JP Morgan shared this neat chart below. The average employee of an offline retailer generated US$279,000 in gross sales compared to the average electronic shopping and mail-order house employee who generated an average US$1,267,000.

Offline expansion may not be in the cards right now but the promise of ecommerce is that Mustafa can sell its products and services to anyone in the region.

3. Future of Retail

Weak tourism, a notable decline in retail sales last year and even a small drop in retail space rent paints a pessimistic future for Singapore in the coming years. Online retail sales in Singapore, however, are expected to reach US$5.4B GMV for 2025.

mustafa-online

Mustafa makes a relatively small profit margin of 10-15% on most products to keep prices lower than competitors. The company imports large quantities of goods directly from cheap sources such as Thailand, Malaysia, the US, etc. and saves additional costs by cutting out the distributor.

Regardless of its popularity, there are already a slew of online and offline businesses, especially specialty shops, that Singaporeans frequent for bargain deals and special sales without the uncomfortable crowds, i.e. AnchorPoint Shopping Center. But offering budget prices cannot save the slow death of traditional retailers.

Ecommerce shouldn’t be seen as a separate channel but instead as another store branch.

What happens when one branch is closed and the other is too far away? You either do a quick Google search for the company’s online webstore or you go into a competitor’s store.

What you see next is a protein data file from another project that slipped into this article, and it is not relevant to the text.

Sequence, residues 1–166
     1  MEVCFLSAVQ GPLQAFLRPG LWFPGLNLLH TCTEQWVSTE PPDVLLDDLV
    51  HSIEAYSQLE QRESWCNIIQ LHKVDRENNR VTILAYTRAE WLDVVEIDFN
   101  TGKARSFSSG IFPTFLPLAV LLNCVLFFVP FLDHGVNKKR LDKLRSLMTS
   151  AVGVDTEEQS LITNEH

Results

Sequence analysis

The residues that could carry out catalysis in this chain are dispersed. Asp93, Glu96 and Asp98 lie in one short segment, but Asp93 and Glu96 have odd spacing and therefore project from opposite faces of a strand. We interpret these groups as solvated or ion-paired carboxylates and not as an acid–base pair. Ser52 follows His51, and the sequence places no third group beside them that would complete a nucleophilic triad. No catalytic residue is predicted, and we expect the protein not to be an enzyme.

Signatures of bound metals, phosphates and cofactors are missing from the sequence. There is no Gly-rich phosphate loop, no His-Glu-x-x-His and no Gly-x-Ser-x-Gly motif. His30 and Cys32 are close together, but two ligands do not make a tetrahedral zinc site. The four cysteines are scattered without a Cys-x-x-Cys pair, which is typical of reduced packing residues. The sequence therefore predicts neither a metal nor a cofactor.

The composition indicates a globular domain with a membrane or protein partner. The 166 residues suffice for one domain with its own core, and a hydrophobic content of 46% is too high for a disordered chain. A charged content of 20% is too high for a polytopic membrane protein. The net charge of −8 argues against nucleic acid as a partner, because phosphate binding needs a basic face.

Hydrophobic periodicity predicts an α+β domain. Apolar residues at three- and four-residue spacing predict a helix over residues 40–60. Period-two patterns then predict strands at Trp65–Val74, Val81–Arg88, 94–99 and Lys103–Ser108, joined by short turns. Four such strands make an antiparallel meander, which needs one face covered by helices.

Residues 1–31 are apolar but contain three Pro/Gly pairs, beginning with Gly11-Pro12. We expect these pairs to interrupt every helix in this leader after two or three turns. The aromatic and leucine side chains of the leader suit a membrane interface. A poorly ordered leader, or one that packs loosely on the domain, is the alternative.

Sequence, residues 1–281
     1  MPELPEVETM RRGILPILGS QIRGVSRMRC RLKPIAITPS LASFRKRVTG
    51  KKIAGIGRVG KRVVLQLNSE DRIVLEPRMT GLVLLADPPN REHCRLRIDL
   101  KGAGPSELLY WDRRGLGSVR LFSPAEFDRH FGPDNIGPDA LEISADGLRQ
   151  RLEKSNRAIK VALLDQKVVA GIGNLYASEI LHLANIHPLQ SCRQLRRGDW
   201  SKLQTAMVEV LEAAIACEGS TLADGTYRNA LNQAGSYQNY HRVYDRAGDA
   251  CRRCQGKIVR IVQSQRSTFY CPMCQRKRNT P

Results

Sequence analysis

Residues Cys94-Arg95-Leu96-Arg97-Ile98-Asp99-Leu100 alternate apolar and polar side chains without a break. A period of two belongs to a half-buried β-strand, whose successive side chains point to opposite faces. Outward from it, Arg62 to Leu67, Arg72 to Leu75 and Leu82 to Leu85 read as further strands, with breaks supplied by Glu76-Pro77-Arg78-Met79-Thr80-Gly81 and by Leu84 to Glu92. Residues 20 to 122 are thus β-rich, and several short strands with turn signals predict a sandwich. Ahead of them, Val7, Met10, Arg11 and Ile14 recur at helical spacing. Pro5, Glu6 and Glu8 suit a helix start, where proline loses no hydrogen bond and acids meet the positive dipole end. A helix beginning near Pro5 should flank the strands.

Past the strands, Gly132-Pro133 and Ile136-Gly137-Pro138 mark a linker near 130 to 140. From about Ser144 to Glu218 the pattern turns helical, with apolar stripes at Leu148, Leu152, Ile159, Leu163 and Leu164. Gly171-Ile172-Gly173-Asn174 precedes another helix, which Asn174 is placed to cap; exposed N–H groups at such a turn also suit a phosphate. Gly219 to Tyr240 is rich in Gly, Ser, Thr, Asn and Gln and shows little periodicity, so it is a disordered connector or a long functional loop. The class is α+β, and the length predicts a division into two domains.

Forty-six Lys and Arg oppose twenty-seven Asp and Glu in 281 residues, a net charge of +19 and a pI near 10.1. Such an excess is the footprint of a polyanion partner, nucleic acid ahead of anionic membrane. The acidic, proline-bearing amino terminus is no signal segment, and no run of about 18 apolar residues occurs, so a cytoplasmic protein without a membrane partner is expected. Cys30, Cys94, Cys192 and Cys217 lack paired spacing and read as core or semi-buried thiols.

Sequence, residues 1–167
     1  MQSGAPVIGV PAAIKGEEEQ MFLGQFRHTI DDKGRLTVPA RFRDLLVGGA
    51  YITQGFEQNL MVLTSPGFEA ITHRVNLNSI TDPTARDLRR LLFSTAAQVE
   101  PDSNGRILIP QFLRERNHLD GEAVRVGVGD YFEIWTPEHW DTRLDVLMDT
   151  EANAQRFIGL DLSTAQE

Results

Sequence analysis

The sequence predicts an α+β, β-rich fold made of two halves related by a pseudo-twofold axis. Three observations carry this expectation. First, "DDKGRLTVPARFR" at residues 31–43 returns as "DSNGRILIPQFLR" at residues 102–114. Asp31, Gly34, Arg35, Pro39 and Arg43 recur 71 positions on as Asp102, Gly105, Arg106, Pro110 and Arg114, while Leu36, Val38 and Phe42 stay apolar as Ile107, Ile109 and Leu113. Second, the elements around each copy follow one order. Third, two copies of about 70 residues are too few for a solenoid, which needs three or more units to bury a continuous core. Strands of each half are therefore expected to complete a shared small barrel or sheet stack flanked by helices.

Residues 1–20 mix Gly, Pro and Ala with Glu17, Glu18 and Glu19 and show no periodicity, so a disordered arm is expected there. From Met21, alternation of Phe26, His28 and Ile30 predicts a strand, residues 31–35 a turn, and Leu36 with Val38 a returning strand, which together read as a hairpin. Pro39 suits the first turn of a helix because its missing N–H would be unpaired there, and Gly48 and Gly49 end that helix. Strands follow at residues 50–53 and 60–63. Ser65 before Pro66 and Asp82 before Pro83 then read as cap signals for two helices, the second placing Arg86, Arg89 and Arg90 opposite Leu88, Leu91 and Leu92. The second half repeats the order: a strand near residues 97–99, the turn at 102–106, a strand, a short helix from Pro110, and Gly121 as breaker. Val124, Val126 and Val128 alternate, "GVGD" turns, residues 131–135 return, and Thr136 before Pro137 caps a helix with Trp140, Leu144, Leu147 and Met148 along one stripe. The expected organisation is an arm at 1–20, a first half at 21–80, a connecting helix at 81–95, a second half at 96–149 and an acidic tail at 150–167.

Bargain hunters have no brand loyalty but brands online are able to build and maintain relationships with customers via email marketing and ad-retargeting touting upcoming promotions and discounts. Mustafa has only word of mouth to rely on, curious foot traffic and its social channels, which are currently not being put to the best use.

Source: Mustafa Facebook page

More pure-play brands are moving into the offline territory by adopting omni-channel strategies after realizing the importance of a positive customer experience. Electronics brands like Samsung, Huawei, Parisilk and Lenovo are adding online channels through partnerships with e-marketplaces Qoo10 and Lazada in addition to letting Singaporeans test products in their flagships.

Multi-channel retailers are benefiting from having an online presence growing at 11% CAGR, which mitigates any worry that ecommerce will cannibalize traffic to offline stores.

Mustafa is one of the best-primed offline retailers in Southeast Asia to dominate commerce with an omni-channel strategy.

Would Mustafa Do Well Online?

Probably, but there are many other factors to consider. The business already meets the standard requirements to successfully launch an ecommerce business: large number of SKUs, strong branding and awareness, existing customer base and an experienced entrepreneur running the entire company.

The purpose of going online is to give your customers access to your products or services at anytime – the exact same concept of Mustafa’s 24/7 offline store.

In 1999, Mustafa did try its hand at an online website aimed to do B2B ecommerce but shut down after experiencing losses due to credit card fraud.

Although that problem still persists in today’s retail world, most notably in the US, credit card and tech companies are introducing their own ways to combat hackers: 3-D Secure, two-step verification and tokenization (Apple Pay, Android Pay, etc.).

These are four paths the company could use to test the online waters: